Shakib Al Hasan is being investigated by the Securities and Exchange Commission, or SEC, of which the Test and T20 International captain was a goodwill ambassador in 2017, on charges of stock market manipulation.
SEC is conducting the investigation into the allegations against Shakib in the wake of suspicious trade through his personal beneficiary owners or BO account and that of the company he owns.
Rezaul Karim, a spokesperson for SEC, said they have asked Shakib for an explanation and added that no one can evade the penalties if the charges are proven.
After getting involved in different businesses, Shakib made his way into the capital market and opened brokerage house Monarch Holdings as a joint venture.
Currently in the West Indies, he was not available for comment. But when asked about Monarch Holdings previously, Shakib had declined comment, saying he would only speak about the sport.
In 2017, then the SEC Chairman M Khairul Hossain made Shakib the goodwill ambassador during a ceremony of the World Investor week where the 35-year-old allrounder gave a speech as well.
bdnews24.com was able to view multiple reports submitted to the SEC. The show-cause notice sent to Shakib was published on SEC’s website.
The capital market authorities moved against the recent abnormal rise in the trend of shares of One Bank, BDCOM, Sonali Papers and Fortune Shoes among some other companies.
As the primary regulator, the Dhaka Stock Exchange, or DSE, formed an investigation team to look into it. Shakib’s name came up in the reports.
SERIES TRADE OF ONE BANK SHARES
The DSE examined the unusual uptrend of shares of One Bank, a listed company, at the end of last year. Its share prices rose from Tk 12.6 to Tk 20.1 between Nov 15-30, a 59.52 percent rise.
The investigation then pulled out a list of top buyers and found 15 individuals and companies traded the highest number of shares. Among them, Shakib himself traded 8.5 million shares, of which 7.5 million were bought.
Others involved in these trades are controversial stock market player Md Abul Khayer Hiru, the deputy registrar of the Department of Cooperatives, his wife Kazi Sadia Hasan, father Abul Kalam Matber and sister Kanika Afroze.
According to the report, the leader of the circle carries out a series of trading of One Bank shares through 13 BO accounts to artificially raise prices. Matber’s BO account is mostly used for the trades.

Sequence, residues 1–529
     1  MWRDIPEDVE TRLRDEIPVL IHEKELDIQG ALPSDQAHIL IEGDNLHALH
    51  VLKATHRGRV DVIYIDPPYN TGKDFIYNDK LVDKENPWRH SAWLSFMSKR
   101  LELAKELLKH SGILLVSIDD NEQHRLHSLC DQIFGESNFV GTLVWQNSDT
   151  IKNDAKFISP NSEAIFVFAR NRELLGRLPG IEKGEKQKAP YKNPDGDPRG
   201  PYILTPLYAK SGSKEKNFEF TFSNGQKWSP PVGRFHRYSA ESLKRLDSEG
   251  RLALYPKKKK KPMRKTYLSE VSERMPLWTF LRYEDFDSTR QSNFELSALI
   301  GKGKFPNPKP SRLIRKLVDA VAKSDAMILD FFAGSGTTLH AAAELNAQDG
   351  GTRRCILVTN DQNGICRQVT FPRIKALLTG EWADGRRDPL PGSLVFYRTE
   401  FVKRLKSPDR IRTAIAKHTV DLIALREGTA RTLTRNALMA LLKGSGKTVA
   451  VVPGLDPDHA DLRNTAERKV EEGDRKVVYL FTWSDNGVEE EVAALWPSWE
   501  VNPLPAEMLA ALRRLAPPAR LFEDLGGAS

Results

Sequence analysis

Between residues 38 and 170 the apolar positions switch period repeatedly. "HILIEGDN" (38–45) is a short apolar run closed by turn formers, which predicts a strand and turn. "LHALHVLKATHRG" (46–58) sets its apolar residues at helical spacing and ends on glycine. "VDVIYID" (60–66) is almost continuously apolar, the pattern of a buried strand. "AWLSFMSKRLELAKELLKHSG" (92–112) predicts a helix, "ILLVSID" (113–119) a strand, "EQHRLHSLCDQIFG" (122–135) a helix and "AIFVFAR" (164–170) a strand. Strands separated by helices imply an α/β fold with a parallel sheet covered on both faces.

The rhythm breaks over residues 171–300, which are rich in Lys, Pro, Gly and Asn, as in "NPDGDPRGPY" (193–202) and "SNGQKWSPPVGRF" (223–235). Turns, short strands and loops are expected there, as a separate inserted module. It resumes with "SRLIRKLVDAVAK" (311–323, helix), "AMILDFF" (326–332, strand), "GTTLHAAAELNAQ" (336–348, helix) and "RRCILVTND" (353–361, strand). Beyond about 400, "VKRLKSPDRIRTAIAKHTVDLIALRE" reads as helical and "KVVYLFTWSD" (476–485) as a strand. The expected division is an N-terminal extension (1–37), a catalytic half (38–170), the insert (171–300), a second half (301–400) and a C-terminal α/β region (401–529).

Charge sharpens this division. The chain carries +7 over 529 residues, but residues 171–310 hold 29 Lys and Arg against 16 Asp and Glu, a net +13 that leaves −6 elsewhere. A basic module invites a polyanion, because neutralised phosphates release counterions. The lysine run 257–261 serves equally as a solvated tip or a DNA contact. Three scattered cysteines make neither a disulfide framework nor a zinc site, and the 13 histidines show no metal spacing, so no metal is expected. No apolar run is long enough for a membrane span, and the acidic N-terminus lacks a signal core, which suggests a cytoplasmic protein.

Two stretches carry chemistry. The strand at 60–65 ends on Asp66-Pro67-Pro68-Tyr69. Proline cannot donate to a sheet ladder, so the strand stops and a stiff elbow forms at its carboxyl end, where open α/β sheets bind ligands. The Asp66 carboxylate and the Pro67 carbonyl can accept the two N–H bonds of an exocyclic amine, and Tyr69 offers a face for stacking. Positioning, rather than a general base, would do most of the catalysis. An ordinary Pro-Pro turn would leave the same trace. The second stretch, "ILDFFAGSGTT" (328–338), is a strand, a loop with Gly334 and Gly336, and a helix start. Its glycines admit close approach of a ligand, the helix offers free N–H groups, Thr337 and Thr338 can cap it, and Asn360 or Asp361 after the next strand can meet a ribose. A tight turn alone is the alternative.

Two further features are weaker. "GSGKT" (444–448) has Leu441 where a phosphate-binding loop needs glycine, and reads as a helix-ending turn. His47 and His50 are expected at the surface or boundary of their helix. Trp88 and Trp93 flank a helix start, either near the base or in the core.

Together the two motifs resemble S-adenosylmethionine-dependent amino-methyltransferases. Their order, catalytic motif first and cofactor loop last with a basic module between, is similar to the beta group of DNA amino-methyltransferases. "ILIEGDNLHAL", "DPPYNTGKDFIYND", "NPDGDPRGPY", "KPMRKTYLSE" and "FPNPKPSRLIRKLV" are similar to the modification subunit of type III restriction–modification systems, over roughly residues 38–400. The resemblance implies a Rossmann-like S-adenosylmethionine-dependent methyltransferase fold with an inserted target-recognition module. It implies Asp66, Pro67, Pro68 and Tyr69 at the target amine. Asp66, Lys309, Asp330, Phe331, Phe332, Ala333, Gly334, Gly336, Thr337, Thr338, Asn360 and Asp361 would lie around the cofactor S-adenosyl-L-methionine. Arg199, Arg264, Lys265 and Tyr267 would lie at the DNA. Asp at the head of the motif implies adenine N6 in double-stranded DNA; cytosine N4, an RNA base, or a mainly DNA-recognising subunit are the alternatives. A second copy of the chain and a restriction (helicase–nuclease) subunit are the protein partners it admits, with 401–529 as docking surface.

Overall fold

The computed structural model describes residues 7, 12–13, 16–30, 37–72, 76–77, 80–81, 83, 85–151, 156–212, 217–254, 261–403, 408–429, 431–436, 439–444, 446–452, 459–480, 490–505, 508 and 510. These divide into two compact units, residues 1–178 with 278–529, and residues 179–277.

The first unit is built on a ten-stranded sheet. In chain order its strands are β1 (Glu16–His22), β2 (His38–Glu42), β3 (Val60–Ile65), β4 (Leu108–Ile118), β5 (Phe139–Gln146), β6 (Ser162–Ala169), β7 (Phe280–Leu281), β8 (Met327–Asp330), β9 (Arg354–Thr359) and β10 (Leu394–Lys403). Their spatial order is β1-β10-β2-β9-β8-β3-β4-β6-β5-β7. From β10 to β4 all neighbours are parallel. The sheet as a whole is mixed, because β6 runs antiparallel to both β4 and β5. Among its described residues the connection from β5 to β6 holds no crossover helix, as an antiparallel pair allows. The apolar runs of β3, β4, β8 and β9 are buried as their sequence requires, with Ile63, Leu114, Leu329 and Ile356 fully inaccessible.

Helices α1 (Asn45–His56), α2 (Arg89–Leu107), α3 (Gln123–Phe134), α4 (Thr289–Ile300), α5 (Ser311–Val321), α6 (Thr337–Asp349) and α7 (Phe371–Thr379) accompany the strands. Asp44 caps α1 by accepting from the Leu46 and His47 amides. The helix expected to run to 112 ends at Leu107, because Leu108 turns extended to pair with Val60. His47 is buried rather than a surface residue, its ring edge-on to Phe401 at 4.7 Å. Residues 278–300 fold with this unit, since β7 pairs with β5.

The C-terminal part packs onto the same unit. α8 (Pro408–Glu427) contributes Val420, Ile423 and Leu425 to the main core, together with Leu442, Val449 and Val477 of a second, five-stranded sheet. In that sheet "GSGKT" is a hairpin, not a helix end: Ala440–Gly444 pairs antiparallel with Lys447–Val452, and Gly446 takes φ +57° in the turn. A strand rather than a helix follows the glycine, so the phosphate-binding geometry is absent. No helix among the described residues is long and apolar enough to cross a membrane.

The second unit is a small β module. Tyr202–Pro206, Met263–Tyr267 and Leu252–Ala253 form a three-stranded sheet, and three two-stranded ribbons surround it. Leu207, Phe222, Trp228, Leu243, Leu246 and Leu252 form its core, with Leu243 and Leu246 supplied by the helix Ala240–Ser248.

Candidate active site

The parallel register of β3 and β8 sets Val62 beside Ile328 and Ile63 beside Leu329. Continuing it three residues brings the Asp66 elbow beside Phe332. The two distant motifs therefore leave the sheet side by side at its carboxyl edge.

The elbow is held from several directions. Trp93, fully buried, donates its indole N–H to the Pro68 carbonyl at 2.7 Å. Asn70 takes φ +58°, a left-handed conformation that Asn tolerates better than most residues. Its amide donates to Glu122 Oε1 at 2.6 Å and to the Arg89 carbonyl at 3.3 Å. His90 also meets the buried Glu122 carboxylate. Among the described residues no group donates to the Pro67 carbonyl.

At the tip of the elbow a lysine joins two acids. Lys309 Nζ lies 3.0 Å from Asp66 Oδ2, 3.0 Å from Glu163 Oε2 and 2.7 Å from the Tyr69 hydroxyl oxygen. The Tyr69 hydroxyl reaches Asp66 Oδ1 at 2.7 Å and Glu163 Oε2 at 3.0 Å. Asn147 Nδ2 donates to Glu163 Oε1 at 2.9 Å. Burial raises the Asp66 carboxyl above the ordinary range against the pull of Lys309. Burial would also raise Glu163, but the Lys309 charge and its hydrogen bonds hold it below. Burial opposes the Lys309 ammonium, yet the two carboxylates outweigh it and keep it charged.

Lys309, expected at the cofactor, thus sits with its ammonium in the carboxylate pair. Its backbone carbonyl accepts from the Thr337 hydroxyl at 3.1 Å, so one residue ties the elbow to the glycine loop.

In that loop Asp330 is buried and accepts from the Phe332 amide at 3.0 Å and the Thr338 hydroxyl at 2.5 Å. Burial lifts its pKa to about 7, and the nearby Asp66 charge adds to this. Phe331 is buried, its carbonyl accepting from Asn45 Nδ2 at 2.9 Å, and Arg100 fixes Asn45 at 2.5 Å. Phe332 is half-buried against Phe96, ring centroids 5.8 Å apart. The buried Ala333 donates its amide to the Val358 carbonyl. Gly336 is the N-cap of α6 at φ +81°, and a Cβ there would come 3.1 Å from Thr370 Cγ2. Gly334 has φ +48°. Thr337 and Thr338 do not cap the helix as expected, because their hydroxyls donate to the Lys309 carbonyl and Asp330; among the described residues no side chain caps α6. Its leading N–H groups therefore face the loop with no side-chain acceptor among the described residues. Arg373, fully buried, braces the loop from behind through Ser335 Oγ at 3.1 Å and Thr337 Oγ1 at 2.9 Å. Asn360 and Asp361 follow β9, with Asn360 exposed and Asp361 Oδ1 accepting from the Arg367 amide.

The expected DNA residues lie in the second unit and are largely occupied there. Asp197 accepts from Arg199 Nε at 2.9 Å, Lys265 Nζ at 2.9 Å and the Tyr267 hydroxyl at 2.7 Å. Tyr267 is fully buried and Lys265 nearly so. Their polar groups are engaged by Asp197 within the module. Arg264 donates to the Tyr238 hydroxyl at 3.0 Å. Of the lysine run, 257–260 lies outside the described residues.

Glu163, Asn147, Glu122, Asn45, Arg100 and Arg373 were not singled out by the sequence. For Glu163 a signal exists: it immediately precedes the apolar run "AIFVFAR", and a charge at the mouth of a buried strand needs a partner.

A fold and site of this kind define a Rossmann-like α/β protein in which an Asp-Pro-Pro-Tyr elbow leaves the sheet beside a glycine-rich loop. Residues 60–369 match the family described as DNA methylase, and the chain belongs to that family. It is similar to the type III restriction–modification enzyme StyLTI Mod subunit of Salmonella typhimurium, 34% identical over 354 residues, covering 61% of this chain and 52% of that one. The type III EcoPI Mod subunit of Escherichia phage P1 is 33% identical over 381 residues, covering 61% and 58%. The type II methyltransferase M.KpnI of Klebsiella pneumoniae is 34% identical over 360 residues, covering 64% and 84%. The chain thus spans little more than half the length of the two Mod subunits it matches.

This group bought almost 85 percent of the One Bank shares in a single day. Along with the capital market, they bought shares from the block market in a similar fashion. They also traded shares among themselves, the investigation found.
After pushing the trend abnormally high for these shares, the close-knit group made Tk 143.5 million in capital gains through sales in only 15 days and can make another Tk 143.8 million in profit by selling what they still have in possession.
The report mentioned that series trading breaches Article 17 of The Securities and Exchange Ordinance, 1969.
“It is evident that Abul Kalam Matber and his associates directly and indirectly carried out One Bank share series trading and raise their prices using 13 BO account.”
SEC slapped Matber and his associates with Tk 30 million in fines on Aug 2, according to the report.
Between Mar 7 and Mar 10, the share prices of BDCOM rose by 45 percent, from Tk 23.6 to Tk 34.3.
DSE’s investigation found Hiru, his wife Sadia, DIT Co-operative Chairman Hiru, Investment Corporation of Bangladesh and Monarch Holdings Ltd to be the main traders of these shares.
Along with Shakib, Sadia, Matber and Kanika are partners in Monarch Holdings, which received approval as a brokerage house at the start of 2022.
In this case, BDCOM shares were mostly traded through five BO accounts, including a personal account of Sadia, a joint account for Hiru and Sadia, and another of Monarch.
The highest number of BDCOM shares were traded through DIT Co-operative Ltd’s BO account by Hiru as the chairman of the company.
DSE sent show-cause notices for unethically raising share prices of One Bank and BDCOM and Hiru provided replies in writing in both cases.
The BSEC report mentioned that the replies from “Matber and his associates” and “DIT Co-operative Ltd and associates” make the complaint appear true.
BSEC proceeded to fine DIT Co-operative and associates Tk 5.5 million on Aug 2.
Hiru was not available for comment.
Rezaul, the SEC spokesperson, said: “The investigators analysed data from a particular period to identify the reason behind the rise of share prices. SEC demands explanations when the rules are broken. The person or people in question provides explanations in-person at the commission. Only when their statement proves their wrongdoing beyond doubt is a penalty delivered. The same happened here.”
On Shakib’s involvement, Rezaul said: “Institutionally, no shareholders from Monarch Holdings or any other companies will be punished. But they will face penalties if they are directors.”